As for Etruscan origins, it's very clear to me that the Villanovan culture of the early Iron Age was already ethnically Etruscan. Because its borders match rather neatly the borders of the historical Etruscans, which cannot be coincidental. Moreover there's an Etruscan inscription from northern Italy found in a Villanovan context. What I did consider was a limited immigration of Pelasgians from Lydia during the late Bronze Age (Recent BA or Final BA), who subsequently acculturated some Italic IEs. After all, there are a few Mycenaean sherds from LBA southern Etruria. But there's one thing making this story rather unlikely: The production of wine and olive oil in Etruria didn't start any earlier than the archaic Etruscan period. But since these goods were very popular in Greece, and produced there since the 3rd millennium BC, it would be strange that Pelasgians from Greece didn't take that knowledge with them. So that basically proves that the Etruscans were not Pelasgians and did not stem from the Aegean.

But why then did Thucydides think that the Lemnian Tyrsenians were Pelasgians from Greece? I don't know, maybe because they had a Hellenized culture like the Etruscans?

Simon_W said...

According to Etruscan tradition, reported by Caecina and Verrius Flaccus, their nucleus appears to have been around Tarquinii, called Tarchna in Etruscan. Because at that place Tarchon, the son or brother of Tyrrhenos, excavated the god Tages from the earth who taught him the essentials of Etruscan religion, and afterwards Tarchon allegedly founded the twelve Etruscan cities. The nail counting system of the Etruscans suggests that this happened aroud 1050 BC. Of course that's just myth, but recent findings in archaeology show that there's some grain of truth in it. I'm particularly thinking of Emma Blake's network analyses. They show that the South Etrurian FBA network near Tarquinii is the most isolated network of FBA Etruria, Umbria and Marche. It's just loosely linked with the network near Vulci, which however shows more ties to Umbria and Marche, and northeastern Etruria is not at all linked to Southern Etruria, but shows connections to Umbria and Marche as well. Which strongly suggests that these latter networks were Italic speaking, not Etruscan. From Southern Etruria the Etruscan language and ethnicity gradually spread through incorporation of formerly Italic communities, until it reached its historical borders.

Check out the three different "factions" found in FBA central Italy:

The rhombus faction near Tarquinii is relatively isolated, the square faction highly integrated, and the circular faction more loosely connected, but over vast distances.

Check out this short lecture by Emma Blake herself, the maps of the networks are very useful:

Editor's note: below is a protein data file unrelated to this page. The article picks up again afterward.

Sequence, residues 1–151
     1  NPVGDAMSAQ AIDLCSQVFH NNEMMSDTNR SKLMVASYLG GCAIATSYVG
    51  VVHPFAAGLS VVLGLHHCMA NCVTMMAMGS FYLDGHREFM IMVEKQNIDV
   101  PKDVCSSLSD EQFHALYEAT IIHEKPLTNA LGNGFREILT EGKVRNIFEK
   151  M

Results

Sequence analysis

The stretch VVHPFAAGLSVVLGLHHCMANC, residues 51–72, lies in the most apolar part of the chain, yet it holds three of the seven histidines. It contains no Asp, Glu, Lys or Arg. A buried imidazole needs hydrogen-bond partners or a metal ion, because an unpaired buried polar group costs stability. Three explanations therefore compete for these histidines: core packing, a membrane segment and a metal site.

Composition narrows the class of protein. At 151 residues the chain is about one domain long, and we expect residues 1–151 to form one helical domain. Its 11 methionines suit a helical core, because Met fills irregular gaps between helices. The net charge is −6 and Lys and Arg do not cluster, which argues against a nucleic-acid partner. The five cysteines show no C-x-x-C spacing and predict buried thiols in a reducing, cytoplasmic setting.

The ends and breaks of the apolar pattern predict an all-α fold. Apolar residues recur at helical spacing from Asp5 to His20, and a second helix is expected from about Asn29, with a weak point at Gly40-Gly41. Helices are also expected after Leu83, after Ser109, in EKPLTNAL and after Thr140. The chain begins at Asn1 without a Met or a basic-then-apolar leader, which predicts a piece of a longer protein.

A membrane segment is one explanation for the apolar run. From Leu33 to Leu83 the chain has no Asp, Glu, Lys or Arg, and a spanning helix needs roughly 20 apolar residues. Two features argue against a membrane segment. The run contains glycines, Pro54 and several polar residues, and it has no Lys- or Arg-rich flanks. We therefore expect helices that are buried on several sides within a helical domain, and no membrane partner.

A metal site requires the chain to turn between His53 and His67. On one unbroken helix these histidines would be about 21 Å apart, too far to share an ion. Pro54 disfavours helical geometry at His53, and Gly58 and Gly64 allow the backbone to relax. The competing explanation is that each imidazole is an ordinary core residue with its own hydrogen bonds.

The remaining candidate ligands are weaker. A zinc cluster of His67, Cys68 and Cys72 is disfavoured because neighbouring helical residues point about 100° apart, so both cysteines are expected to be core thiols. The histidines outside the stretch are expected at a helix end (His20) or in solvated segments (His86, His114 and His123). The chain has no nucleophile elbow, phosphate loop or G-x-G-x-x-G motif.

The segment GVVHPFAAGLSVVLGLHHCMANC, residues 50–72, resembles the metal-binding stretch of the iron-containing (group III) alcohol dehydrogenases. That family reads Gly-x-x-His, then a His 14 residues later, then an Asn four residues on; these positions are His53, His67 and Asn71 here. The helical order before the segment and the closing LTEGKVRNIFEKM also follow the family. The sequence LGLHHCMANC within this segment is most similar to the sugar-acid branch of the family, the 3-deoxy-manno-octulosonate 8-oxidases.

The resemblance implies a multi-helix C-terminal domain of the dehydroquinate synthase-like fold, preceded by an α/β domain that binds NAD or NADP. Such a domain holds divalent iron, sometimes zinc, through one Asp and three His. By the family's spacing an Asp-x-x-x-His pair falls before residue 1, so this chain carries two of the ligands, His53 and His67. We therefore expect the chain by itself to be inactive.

So in any case my guess for now is that the northern part of the MBA/RBA Apennine culture was Etruscoid, that is, Etruscan-related, even though Bell Beaker and Polada influence had reached there in the Chalcolithic and EBA. Maybe it was like in Sardinia, where we also find Bell Beaker and Polada-related influence, but very low steppe and no IEs before the Romans.

And I guess the MBA/RBA Terramare culture, which arguably goes back to migrants from Hungary, may have been either Proto-Italic or Proto-Sabellic, and its collapse appears to have triggered southwards movements of these people. The Protovillanovan culture either goes back to them, or was influenced by another wave from beyond the Alps. I'm not sure where and when the bifurcation between q-Italic (Latino-Faliscan and Venetic) and p-Italic (Oscan-Umbrian aka Sabellic) has taken place, but maybe the q-Italics were late comers.

Simon_W said...

Moving now on to the present, I found it striking how well the clusters detected by Raveane et al. correspond to modern dialect groups. Here's a map of modern Italian dialectal macro-groups:

SItaly1 = Meridionale estremo
SItaly3 = Meridionale
SCItaly1 = Mediano
NCItaly1/2/3 = Toscano
NItaly1 = Franco-Provenzale
NItaly6 = Ladino e Friulano, most of all
NItaly2/3/4/5 = Galloitalico, most of all

The correspondences are not perfect to be sure, but quite good.
Just strange that the lingua Veneta doesn't get an own cluster. And that the Lombards in contrast get even two of them (probably eastern and western Lombardo).

I do find it remarkable though that Emilians and Ligurians are basically the same in this analysis. Their prehistories were so different! In the Emilia there were Etruscans, followed by Gauls, in Liguria there were Ligurians...

Drago said...

@ Simon_W
That was a very interesting summary & view.
My two cents - I am intrigued by the ''indigenous'' origin of Etruscans. And here I summarise Ash - Proto-Villanova emerges from BA due to connections which increase at the end of the LBA - Mycenean trade, nearest point region being Palafitte-Terramare nearby; a strong central Mediterranean network Etruria - Nuraghes - Cyprus. After the ''Bronze Age collapses'', many groups collapsed, became less dominant, more insular. Terramarre demises, however, the Etruria-Sardinia-Cyprus conection remained viable, hence Etruscans later emerge as the most advanced culture a few centuries later.